MRI could better detect heart inflammation detection in college athletes


Myocarditis is a rare disease of the heart and the leading cause of sudden death in competitive athletes. It affects one in 50,000 college athletes each year. Myocarditis is usually caused by a viral infection and is more common in males than females.

Recent studies have shown the presence of heart inflammation in patients who have recovered from COVID-19. Because of this, at the start of the fall 2020 season, the Big Ten Conference mandated advanced testing for all COVID-19 positive student-athletes before they could return to play.

In a study led by researchers at The Ohio State University Wexner Medical Center and College of Medicine with the 12 other Big Ten programs, results showed that a cardiac MRI of student-athletes who had COVID-19 was seven times more effective in detecting heart inflammation than symptom-based testing. This could be a game changer, especially for student-athletes who report no symptoms of the disease.

“We were surprised to find the majority of cases were asymptomatic,” said Curt Daniels, MD a cardiologist and professor at the Ohio State Wexner Medical Center who led the team of 30 researchers on the study. “We found myocardial changes among those who didn’t describe cardiac symptoms. What we don’t know is if this is clinically significant for the athlete. Is this a minor change in the heart that resolves or persists and has the potential to cause issues?”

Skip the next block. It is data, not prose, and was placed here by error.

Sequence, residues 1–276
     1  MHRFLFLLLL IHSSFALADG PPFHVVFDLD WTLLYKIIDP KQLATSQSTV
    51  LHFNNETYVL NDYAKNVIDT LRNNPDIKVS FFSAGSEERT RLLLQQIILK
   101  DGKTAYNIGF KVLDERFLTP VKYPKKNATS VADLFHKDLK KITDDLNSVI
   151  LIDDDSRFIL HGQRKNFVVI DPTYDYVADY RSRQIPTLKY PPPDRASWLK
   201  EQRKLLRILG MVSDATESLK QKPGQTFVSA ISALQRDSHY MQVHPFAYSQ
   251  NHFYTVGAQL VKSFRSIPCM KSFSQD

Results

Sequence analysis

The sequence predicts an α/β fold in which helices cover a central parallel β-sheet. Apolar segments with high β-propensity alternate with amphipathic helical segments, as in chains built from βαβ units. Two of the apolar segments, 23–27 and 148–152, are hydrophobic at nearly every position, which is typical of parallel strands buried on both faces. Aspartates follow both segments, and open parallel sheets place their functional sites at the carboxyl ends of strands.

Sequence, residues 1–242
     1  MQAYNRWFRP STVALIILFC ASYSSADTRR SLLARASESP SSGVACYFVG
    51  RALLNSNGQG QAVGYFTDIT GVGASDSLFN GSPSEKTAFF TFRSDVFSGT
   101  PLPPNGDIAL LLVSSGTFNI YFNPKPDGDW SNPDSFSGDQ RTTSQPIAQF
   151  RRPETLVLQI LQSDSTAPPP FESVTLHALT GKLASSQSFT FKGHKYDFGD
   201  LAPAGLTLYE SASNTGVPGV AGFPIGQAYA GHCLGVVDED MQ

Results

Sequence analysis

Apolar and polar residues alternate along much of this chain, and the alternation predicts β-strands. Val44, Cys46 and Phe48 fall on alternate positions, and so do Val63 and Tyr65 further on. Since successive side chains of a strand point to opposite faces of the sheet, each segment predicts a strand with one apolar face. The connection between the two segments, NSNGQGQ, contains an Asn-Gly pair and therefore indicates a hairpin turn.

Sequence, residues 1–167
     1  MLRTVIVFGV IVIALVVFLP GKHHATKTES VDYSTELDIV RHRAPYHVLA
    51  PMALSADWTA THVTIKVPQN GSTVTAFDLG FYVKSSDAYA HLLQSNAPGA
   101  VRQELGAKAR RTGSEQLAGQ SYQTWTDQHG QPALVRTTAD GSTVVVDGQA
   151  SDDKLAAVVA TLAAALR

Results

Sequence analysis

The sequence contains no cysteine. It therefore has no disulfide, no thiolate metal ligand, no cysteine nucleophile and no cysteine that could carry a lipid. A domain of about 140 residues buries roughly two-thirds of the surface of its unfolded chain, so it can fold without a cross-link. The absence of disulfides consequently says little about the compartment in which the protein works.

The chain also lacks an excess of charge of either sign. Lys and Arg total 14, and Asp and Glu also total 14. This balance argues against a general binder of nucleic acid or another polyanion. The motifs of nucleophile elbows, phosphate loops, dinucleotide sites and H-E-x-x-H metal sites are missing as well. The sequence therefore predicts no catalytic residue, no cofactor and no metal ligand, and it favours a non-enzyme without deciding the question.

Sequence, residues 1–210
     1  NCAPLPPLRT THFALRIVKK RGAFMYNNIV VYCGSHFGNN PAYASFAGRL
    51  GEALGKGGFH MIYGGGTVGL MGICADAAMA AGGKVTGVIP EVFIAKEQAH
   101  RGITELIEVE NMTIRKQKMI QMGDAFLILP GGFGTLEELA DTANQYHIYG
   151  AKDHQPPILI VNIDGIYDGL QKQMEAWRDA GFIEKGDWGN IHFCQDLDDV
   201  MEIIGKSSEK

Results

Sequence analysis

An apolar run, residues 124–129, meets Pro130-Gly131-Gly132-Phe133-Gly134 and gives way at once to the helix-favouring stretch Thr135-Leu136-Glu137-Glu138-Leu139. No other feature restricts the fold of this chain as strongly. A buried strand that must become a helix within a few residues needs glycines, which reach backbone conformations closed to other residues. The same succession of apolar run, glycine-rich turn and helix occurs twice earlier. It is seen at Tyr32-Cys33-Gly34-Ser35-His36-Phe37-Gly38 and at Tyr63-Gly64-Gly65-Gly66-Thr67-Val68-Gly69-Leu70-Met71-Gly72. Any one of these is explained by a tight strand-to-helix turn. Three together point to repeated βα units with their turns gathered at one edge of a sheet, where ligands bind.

The study looked at 1,597 COVID-19 positive Big Ten athletes who had cardiac magnetic resonance (CMR) screening. Results found 2.3% were diagnosed with myocarditis, but almost all of those student-athletes didn’t show any symptoms of the disease. Of the 37 athletes diagnosed with myocarditis, 28 didn’t exhibit symptoms.

“The challenge is that competitive athletes are used to aches and pains and working through them, and they may not report cardiac symptoms,” Daniels said. “This research helps raise awareness about asymptomatic myocarditis. Those who are diagnosed with it may need to rest and slowly ramp up exercise even though they’re not describing any cardiac symptoms.”

The conference formed the Big Ten COVID-19 Cardiac Registry to gather scientific data to help establish guidelines on when players could safely resume playing sports. The Ohio State University Institutional Review Board oversees the registry.

“The recommendation is that those diagnosed with myocarditis should rest for three months, but there’s no data to support that,” said the study’s co-author Saurabh Rajpal, MBBS, a cardiologist and assistant professor in cardiovascular medicine. “This study was the first ever to have follow-up cardiac MRIs for those diagnosed with myocarditis following COVID-19, and some showed heart inflammation resolved in as few as four weeks. But some still had scar tissue, and the question is how that will affect their health in the future.”

The next step in the research is a review of the data by experts from the Big Ten institutions who specialize in interpreting CMRs, echocardiograms and electrocardiograms. Researchers will look at which athletes would benefit from CMR testing following COVID-19 infection.

Other Ohio State Wexner Medical Center researchers involved the study were James Borchers, MD and Matthew Tong, DO.

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